My energy levels are back to normal and I go to the gym three times a week and don’t wake up shattered any more.

EXPERT COMMENT: ‘The causes of anaemia in older men and women always needs investigating as it is sometimes a symptom of cancer,’ says Professor Richards.

‘In bowel cancer on the right side of the bowel you can have bleeding for a long time but it won’t be visible in your stools, so tiredness may be an early symptom.

‘This case underlines how important it is to take part in the national screening programme.’


Elisabet Barnes: An endurance athlete, her whose performance dropped off and started to feel tired and fatigue – which was caused by lack of iron

Elisabet Barnes, 41, lives in Westcliff-on-Sea, Essex, with her fiancé Sondre, 46, and owns a running shop and coaching business.

I thought I was invincible — I was the first woman to finish in the Marathon des Sables, the famous six-day ultramarathon across the Sahara, in 2015 and 2017.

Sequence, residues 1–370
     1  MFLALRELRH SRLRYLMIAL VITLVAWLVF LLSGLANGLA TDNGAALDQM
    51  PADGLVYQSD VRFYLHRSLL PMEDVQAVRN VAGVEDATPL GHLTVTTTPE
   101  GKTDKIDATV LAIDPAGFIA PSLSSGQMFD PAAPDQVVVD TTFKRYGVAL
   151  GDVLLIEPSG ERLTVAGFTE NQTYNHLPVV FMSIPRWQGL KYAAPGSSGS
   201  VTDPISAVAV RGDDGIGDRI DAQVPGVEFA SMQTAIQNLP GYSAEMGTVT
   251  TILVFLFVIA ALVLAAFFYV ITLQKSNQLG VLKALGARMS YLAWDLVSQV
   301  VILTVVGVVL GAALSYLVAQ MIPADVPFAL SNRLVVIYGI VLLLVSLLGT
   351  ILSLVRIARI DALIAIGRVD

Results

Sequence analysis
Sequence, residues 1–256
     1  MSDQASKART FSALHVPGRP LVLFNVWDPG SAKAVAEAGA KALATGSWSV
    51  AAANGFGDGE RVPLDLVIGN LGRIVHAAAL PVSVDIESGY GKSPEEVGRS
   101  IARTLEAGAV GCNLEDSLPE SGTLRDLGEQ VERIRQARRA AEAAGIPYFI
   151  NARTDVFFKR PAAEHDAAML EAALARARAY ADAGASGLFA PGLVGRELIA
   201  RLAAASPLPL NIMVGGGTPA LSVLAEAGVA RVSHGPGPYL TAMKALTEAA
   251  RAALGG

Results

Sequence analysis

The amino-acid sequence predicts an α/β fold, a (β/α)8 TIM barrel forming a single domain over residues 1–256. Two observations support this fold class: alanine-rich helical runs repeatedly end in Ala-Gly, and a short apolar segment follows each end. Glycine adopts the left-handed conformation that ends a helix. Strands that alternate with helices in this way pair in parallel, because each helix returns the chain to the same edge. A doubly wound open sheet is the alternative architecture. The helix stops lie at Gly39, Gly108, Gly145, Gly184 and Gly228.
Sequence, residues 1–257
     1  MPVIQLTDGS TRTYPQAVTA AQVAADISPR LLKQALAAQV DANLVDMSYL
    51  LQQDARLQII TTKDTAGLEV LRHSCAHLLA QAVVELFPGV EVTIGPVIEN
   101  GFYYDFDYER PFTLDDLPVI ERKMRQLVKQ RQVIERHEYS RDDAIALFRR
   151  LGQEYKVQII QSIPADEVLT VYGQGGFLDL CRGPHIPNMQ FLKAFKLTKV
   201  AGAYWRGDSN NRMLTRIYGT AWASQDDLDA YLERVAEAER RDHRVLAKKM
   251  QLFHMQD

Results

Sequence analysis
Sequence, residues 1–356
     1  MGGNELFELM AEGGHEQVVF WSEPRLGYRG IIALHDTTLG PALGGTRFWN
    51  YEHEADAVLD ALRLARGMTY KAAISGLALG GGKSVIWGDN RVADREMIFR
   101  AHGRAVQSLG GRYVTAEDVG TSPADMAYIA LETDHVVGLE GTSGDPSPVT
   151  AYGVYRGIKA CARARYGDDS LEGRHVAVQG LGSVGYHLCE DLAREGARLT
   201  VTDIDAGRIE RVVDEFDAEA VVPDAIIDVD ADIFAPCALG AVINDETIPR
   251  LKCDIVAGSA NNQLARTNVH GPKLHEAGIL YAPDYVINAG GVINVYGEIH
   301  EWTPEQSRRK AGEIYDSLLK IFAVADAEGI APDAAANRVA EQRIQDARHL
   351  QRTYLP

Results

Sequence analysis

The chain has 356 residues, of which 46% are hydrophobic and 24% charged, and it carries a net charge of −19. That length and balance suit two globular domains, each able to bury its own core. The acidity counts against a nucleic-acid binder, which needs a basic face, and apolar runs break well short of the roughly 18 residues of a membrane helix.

But looking back I realise I was burning the candle at both ends, training and working hard at my job, drinking too much coffee and not getting enough sleep.

By last November my running times were slowing down and I didn’t seem to have enough fuel in my tank.

I ignored it, but in January I hit a wall. I also started getting repeated infections and suffered shortness of breath.

My ferritin levels were within the normal range — around 20, but still on the low side — but as far as the NHS was concerned I wasn’t sick enough to need treatment.

Yet I ended up having five months off work. Things improved by April, partly due to a healthier diet and giving up coffee and alcohol, but my iron levels were still on the low side, so my GP agreed to prescribe iron supplements.

I then paid for an IV infusion and have finally got my energy back –—I’m planning a 100km race in September.

EXPERT COMMENT: ‘Runners are at higher risk of anaemia partly because red blood cells burst in the muscles due to the pounding action of their feet.

‘They also sweat more and this also leads to iron loss and inflammation in the muscles due to exercise,’ says Professor Richards.